A wild regular season setting the scene for what’s to come
After 14 weeks, hundreds of games and a handful of pivotal moments, the college football regular season has set the championship field.
For every program involved in the College Football Playoff or the ones that narrowly missed, there are particular moments — whether a specific play or result — that shaped the outcome of the 2018 campaign.
Botched calls, bad throws and amazing individual efforts all created a wild regular season and molded the outlook of what’s to come.
Chris Finke’s catch puts Michigan in a hole
On the first loaded weekend of the regular season, Notre Dame pulled out a 24-17 victory over Michigan. The most stunning part of that showdown was the Fighting Irish’s hot start against an elite defense, and the biggest play was Chris Finke’s improbable touchdown grab. Brandon Wimbush launched the ball downfield, and Finke went over the top of a Michigan defender to give ND a 14-0 edge. Shea Patterson and the Wolverines couldn’t recover from that deficit. And for Notre Dame, that triumph sparked an undefeated run to the College Football playoff.
McKenzie Milton flips into the end zone
Although a gruesome injury is the lasting 2018 memory of McKenzie Milton, the junior saved UCF’s perfect season in mid-October. Memphis surged to a 30-14 first-half advantage before Milton staged a comeback. Early in the fourth quarter, he sprinted toward the right hashmark, sized up the hopeful tackler and attempted to leap over him.
Milton didn’t quite clear him, flipping head-over-heels at the goal line. But the ball broke the plane. UCF improved to 5-0 and closed the campaign with six straight wins of double-digit margins and a spot in the Fiesta Bowl.
Washington State’s loss at USC plagues the breakout
Trailing 39-36 late in the fourth quarter at USC, Washington State had chances to either take the lead or even the score. Instead, there was a missed targeting penalty. Three plays later, a blocked field goal ended Wazzu’s hopes of a victory at the Coliseum. Throw in a mishandled extra point, and it special teams doomed the team. Though the Cougs rattled off seven straight wins, that loss lingered as an unforgivable flaw on an unspectacular resume. Even if the Cougs had beat Washington and won the Pac-12, they likely would’ve fallen short of the CFP.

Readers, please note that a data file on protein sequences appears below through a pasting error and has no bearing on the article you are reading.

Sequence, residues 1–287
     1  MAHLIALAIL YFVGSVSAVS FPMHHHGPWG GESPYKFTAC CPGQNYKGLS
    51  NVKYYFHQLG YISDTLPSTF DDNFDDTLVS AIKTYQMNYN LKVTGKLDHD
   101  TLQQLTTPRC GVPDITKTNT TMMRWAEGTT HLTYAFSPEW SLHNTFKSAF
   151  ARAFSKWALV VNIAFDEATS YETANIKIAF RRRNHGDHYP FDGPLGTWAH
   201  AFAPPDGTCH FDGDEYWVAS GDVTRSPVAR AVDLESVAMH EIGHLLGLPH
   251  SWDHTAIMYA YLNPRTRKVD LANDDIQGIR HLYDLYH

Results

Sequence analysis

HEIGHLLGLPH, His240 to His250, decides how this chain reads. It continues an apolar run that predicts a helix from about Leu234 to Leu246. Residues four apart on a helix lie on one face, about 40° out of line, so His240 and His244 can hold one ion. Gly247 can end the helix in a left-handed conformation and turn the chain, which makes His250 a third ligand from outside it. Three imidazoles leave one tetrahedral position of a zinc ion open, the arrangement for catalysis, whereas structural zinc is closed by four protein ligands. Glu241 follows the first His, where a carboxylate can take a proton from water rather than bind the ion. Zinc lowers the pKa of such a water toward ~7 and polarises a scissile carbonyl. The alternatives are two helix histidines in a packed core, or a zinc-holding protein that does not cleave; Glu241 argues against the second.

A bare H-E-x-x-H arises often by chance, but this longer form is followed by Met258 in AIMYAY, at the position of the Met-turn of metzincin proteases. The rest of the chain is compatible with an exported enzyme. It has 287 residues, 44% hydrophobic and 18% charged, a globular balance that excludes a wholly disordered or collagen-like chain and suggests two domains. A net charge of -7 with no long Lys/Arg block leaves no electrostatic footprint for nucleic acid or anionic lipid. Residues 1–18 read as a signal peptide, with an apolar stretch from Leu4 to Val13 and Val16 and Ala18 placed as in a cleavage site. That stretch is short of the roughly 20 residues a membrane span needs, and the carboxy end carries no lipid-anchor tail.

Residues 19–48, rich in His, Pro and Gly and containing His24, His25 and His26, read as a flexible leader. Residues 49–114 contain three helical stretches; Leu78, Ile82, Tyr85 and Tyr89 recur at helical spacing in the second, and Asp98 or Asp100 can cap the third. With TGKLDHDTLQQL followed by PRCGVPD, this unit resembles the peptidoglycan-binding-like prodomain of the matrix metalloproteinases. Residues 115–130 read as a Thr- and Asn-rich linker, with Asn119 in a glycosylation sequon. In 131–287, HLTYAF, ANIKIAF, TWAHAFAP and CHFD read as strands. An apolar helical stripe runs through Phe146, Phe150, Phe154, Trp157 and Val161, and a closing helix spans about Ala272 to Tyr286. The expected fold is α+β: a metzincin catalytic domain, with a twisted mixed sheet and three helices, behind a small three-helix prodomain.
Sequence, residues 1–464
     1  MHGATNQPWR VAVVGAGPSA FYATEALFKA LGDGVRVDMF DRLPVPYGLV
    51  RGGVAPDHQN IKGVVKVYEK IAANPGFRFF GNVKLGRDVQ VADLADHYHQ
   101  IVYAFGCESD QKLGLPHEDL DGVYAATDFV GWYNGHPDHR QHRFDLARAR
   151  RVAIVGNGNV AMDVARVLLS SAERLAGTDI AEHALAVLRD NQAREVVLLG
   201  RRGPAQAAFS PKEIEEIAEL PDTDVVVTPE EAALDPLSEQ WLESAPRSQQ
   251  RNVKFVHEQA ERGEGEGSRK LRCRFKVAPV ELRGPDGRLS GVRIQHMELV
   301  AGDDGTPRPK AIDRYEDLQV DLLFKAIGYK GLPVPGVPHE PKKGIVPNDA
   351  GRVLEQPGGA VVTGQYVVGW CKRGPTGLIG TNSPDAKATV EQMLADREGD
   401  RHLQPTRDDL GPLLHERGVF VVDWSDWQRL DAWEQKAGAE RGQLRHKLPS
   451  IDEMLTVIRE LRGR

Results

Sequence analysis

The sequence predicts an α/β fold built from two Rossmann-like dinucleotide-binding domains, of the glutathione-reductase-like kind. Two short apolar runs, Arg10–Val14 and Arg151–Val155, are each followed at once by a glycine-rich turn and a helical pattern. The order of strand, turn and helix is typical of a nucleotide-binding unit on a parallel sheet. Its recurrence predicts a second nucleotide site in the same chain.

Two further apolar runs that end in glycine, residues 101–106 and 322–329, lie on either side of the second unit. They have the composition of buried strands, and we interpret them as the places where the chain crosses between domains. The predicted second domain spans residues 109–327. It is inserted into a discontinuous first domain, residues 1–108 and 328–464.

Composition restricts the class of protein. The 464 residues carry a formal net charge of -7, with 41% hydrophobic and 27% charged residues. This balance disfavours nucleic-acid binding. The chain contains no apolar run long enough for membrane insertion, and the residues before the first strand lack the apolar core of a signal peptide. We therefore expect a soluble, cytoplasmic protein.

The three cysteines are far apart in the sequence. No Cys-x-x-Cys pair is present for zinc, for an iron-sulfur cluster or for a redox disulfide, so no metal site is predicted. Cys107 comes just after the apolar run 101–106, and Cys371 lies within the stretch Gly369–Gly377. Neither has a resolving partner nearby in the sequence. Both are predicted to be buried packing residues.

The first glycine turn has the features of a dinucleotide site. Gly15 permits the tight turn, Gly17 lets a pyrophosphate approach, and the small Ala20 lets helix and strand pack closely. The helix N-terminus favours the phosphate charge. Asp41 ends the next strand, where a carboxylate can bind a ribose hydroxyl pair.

Oklahoma navigates Army in overtime
Upsets scattered the Week 4 slate, but nothing popped eyeballs quite like Army’s near-miss at Oklahoma. The Black Knights dominated the ball in Norman, controlling possession for an absurd 44 minutes and 41 seconds during regulation. They converted 17 of 26 third- and fourth-down snaps and held Heisman Trophy contender Kyler Murray to only 236 yards of total offense. But the Sooners, despite not scoring in the second half, still managed to steal an overtime win. Had the Cadets finished off the upset, Oklahoma likely would’ve fallen short in the final CFP debate.
Chase Brice saves Clemson from an upset
It seemed like a perfect storm. Dabo Swinney’s decision to start Trevor Lawrence resulted in Kelly Bryant leaving the team. Then, a freshman mistake sidelined Lawrence. Suddenly, Clemson was without a quarterback who guided the program to the CFP in 2017 and also a young superstar. Chase Brice stepped in and became the hero. The Tigers fought back from a 10-point fourth-quarter deficit, highlighted by a crucial fourth-down throw from Brice on the go-ahead drive. Clemson might’ve made the CFP anyway but would’ve sweated out Selection Day as a one-loss team.
Blocked punt secures Ohio State’s rout of Michigan
Michigan had a dismal first half, but two late touchdowns had the Wolverines back in the fight. While they started slowly after the break, Ohio State only held a 27-19 edge when Michigan lined up for a punt.
The Buckeyes blocked it and never looked back, then scoring a touchdown on four straight possessions for a 62-39 rout of their rival. Ohio State clinched a spot in the Big 12 Championship Game, where it defeated Northwestern for a Rose Bowl berth. Urban Meyer, who will retire after the season, ended his OSU career 4-0 against Jim Harbaugh and UM.
Oklahoma State’s two-point conversion falls incomplete
The play-call was perfect. Mike Gundy was there to win, and Tylan Wallace created a wide-open throwing lane. Taylor Cornelius, though, misfired on the two-point conversion as Oklahoma State trailed Oklahoma 48-47. One unsuccessful onside kick later, the Sooners survived a close call. A second loss for OU would’ve set up a lame-duck clash for the Big 12 title. Winning the conference is great, but that’s not the ultimate goal. If Cornelius hits that throw and OU’s desperation drive falls short, the Sooners definitely aren’t preparing for Alabama right now.
Georgia’s failed fake sets up Jalen Hurts’ heroics
We admire the audacious decision, Kirby Smart. Football is better with aggressive coaches playing to win and not to lose. During the SEC Championship Game, though, a fake punt on 4th-and-11 at midfield failed. The botched play handed Alabama terrific field position late in the fourth quarter of a 28-28 game. And then, in perfect symmetry, Jalen Hurts — who had replaced Tua Tagovailoa in Mercedes-Benz Stadium — finished off a comeback. Alabama locked up its No. 1 place in the CFP standings, and Georgia came up short — just like the fake punt.